There’s a place and time where I believe supplements are beneficial. Supplements shouldn’t replace real food. Supplements are meant to fill in certain gaps in your nutrition. As an online trainer/coach I provide my clients with specific macro nutrients that I want them to reach every day. Depending on the individual, protein may be a bit higher than what they were previously accustomed to. If consuming the desire protein intake becomes difficult to reach, adding a protein supplement can help them reach your daily protein intake without having to consume another meal. Some individuals like myself can force an additional meal easily, but for someone who can’t, adding a protein supplement can definitely assist with that gap.

 

Supplement companies are in the money business meaning that the lower the cost to create these products, the more profit they will earn. It’s a business and every business has a goal to turn the biggest profit. Some companies have sold the public dreams on what there products can really accomplish. I remember reading a pre-workout label that guaranteed 8lbs of muscle in just 8 weeks! Now let’s be realistic, not even illegal substances can guarantee that. If it sounds too good to be true, it most likely is. But there are a few approaches you can take so that you aren’t being taken advantage of by these companies:

 

  1. Buy from trusted companies! New companies may be out to make a quick dollar off of you but a company that has been established for quite some time will have a lot more to lose by trying to deceive their customers. Simply do your research and read/watch reviews on these products.
  2. Read the nutritional labels! Beware of proprietary blends where companies don’t disclose specific amount for each ingredient. Instead they provide a total of the variety of ingredients. This is extremely common in pre-workouts. Pre-workout ingredients need a specific amount that make them effective. If a proprietary blend in is a product, you don’t actually know if the effective dosages are included for each ingredient.
  3. Don’t just follow your favorite bodybuilder or fitness icon! These individuals make money based on the amount of people who use their discount code. Only support if they are in fact promoting a solid product.
  4. Don’t shop at a local store! You’ve never taking supplements before so take some time research why you need them, the effects and the benefits. The internet is a great way to educate yourself on practically anything. Certain representatives at local a GNC or vitamin shop don’t educate themselves or personally use all the products in the store therefore mislead you to buying something you don’t actually need or even want.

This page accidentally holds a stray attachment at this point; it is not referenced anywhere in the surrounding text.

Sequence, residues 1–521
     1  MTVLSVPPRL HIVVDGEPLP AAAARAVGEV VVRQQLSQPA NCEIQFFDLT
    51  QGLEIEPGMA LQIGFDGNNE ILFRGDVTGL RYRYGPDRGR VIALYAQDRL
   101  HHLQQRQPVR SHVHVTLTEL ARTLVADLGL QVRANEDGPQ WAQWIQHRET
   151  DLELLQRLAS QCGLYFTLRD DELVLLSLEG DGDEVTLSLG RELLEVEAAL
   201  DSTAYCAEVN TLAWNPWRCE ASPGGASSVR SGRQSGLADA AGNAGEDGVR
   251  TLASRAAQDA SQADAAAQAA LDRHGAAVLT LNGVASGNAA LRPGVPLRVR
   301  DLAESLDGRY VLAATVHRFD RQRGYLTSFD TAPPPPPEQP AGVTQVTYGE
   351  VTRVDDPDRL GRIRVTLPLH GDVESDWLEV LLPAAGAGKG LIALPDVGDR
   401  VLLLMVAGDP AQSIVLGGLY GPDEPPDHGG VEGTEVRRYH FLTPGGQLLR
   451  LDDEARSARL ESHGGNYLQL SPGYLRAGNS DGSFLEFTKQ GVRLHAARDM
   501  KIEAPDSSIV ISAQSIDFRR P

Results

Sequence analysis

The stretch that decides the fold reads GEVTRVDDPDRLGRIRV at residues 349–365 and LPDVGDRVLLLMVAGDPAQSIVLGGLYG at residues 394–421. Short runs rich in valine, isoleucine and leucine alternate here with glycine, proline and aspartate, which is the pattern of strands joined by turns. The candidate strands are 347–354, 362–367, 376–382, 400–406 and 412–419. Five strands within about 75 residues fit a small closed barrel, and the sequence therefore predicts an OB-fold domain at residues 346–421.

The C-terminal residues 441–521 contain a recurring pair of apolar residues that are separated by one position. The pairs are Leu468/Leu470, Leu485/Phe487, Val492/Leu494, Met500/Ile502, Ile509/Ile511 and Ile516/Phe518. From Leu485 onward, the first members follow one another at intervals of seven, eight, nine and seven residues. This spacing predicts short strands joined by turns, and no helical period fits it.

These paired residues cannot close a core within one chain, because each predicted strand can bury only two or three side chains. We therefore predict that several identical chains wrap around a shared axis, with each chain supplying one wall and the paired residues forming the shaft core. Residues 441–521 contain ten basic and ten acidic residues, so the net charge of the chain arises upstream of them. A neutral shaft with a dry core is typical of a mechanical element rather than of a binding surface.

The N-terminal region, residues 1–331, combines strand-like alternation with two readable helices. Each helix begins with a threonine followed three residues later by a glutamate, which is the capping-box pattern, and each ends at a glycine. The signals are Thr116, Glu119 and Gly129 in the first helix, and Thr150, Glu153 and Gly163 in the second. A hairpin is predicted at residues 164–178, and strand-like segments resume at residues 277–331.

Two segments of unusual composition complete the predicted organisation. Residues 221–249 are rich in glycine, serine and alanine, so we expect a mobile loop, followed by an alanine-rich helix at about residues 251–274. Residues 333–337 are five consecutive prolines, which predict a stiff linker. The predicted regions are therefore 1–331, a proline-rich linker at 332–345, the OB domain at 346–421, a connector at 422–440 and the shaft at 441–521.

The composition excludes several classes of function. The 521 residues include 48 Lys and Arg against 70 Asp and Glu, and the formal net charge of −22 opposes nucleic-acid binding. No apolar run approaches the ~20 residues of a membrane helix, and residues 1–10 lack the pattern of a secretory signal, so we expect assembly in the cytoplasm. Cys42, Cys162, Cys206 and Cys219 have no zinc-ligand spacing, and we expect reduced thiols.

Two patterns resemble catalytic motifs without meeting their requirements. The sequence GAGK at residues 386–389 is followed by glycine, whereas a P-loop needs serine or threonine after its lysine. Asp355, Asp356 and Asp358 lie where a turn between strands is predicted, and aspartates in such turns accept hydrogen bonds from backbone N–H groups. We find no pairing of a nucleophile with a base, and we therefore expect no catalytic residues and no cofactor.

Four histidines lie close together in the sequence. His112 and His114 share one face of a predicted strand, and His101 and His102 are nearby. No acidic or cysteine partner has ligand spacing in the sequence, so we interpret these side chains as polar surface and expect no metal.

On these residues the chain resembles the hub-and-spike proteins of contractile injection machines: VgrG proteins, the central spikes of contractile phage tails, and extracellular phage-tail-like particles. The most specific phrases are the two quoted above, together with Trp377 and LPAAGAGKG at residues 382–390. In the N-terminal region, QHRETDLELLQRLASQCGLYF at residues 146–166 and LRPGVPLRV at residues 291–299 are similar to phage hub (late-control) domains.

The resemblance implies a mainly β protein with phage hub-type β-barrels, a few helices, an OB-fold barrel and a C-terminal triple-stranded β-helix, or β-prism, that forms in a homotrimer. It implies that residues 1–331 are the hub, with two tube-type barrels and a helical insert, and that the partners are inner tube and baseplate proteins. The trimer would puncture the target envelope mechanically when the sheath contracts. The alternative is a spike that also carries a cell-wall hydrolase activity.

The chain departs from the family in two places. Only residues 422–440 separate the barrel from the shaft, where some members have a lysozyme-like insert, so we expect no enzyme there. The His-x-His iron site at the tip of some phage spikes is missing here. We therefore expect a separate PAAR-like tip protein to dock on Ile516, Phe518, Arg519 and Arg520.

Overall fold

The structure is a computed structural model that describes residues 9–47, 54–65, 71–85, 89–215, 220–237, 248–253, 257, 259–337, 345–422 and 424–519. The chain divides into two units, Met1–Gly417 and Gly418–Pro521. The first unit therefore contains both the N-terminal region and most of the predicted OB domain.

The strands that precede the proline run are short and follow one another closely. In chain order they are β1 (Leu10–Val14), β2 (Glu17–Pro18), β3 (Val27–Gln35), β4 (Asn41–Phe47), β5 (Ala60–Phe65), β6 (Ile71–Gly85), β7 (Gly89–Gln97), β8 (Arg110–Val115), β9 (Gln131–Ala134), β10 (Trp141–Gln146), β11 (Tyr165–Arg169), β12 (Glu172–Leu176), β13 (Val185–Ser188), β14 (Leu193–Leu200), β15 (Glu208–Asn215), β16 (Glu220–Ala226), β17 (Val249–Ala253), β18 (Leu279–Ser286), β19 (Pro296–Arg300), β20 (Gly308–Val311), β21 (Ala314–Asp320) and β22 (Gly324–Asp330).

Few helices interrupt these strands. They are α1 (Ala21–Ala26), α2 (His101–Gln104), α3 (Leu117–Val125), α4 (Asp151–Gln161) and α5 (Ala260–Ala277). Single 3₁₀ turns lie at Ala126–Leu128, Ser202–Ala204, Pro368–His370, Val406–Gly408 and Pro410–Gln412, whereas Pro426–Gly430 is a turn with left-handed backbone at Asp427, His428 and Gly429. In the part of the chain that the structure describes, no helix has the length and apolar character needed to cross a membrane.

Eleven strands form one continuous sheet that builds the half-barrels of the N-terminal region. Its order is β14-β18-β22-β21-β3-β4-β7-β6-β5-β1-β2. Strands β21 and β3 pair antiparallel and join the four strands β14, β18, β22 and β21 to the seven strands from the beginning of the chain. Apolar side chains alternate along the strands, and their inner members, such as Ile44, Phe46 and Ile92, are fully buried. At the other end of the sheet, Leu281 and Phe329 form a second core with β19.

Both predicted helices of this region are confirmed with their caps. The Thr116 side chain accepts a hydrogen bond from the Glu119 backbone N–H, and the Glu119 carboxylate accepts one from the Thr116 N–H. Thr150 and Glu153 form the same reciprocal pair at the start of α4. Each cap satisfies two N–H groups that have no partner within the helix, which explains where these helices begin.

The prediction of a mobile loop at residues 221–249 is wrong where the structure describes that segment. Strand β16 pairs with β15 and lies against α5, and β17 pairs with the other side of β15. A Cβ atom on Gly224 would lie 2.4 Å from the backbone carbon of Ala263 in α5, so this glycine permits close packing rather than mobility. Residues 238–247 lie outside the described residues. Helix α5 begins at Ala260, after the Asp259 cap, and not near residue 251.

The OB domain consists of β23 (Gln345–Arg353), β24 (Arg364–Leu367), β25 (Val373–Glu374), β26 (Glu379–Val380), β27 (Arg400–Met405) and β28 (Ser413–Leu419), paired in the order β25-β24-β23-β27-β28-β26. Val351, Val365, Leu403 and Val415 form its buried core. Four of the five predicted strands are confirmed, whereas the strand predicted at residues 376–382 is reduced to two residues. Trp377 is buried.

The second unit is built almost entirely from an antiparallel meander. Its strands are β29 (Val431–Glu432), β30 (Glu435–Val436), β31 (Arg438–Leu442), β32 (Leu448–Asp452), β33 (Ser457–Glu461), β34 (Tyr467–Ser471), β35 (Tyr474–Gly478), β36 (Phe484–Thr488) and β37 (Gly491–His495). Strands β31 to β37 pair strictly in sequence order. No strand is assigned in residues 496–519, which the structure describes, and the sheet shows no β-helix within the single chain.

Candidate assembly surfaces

Cheat meals have become very popular over the years. As more and more people are incorporating fitness into their lifestyle, the need for a reward after being consistent with your diet has taken off. To some dieting can be a breeze and they can do it effortlessly without shifting into bad eating habits. But for the majority of us, the thought of just dieting makes us think of all the other foods we rather eat instead of a salad, well-balanced meal or a healthy snack. Cheat meals give people something to look forward to typically at the end of each week. Cheat meals can in fact set you back but there are several ways to enjoy a cheat meal so that you don’t ruin the progress you’ve made thus far.

 

Plan Out Your Cheat Meal: If you know you’re going out to a restaurant on a certain day, spend some time looking at the menu and see what will satisfy your cravings. MyFitnessPal is a great app that I’ve used for years to track my calories as well as my macros. I honestly can say that I’ve been able to find any food or meal on the app to get a rough estimate of how many calories I’ll be consuming. Even though the calories are estimates and not 100% accurate, you still have a based line of how many calories you can consume prior to your cheat meal so that you don’t go too over your caloric intake for the day. This is great for people who can’t afford to go over their caloric intake.

 

Eat Your Calories: There are many drinks that contains calories primarily carbohydrates in the form of sugar. I honestly don’t believe these drinks are a necessity, there are more of a preference. If you can fit them while dieting great. But eliminating them completely or substituting them calories free drinks, will save you calories that you can use later for your cheat meal. For coffee drinkers look into having  your coffee black with artificial sweetener such as splenda or stevia. Soda drinkers, look into diet zero calorie options or even flavored soda water. I use flavored soda water all the time when I’m out consuming alcohol. If you enjoy certain juices, look into a more natural options that doesn’t contain added sugars. These options will still contain calories but not as much as the one with added sugar. Refer to the nutritional label to see if a product has any added ingredients.